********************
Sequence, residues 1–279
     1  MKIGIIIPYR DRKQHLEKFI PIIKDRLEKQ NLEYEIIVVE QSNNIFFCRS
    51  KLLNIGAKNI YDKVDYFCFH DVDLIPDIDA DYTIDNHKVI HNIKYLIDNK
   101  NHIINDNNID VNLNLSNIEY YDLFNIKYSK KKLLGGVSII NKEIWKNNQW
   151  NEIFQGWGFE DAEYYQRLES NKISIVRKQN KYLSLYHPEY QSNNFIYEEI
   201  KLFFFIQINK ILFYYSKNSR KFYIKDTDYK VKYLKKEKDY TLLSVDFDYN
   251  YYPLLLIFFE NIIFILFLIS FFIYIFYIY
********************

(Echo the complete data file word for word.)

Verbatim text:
Sequence, residues 1–279
     1  MKIGIIIPYR DRKQHLEKFI PIIKDRLEKQ NLEYEIIVVE QSNNIFFCRS
    51  KLLNIGAKNI YDKVDYFCFH DVDLIPDIDA DYTIDNHKVI HNIKYLIDNK
   101  NHIINDNNID VNLNLSNIEY YDLFNIKYSK KKLLGGVSII NKEIWKNNQW
   151  NEIFQGWGFE DAEYYQRLES NKISIVRKQN KYLSLYHPEY QSNNFIYEEI
   201  KLFFFIQINK ILFYYSKNSR KFYIKDTDYK VKYLKKEKDY TLLSVDFDYN
   251  YYPLLLIFFE NIIFILFLIS FFIYIFYIY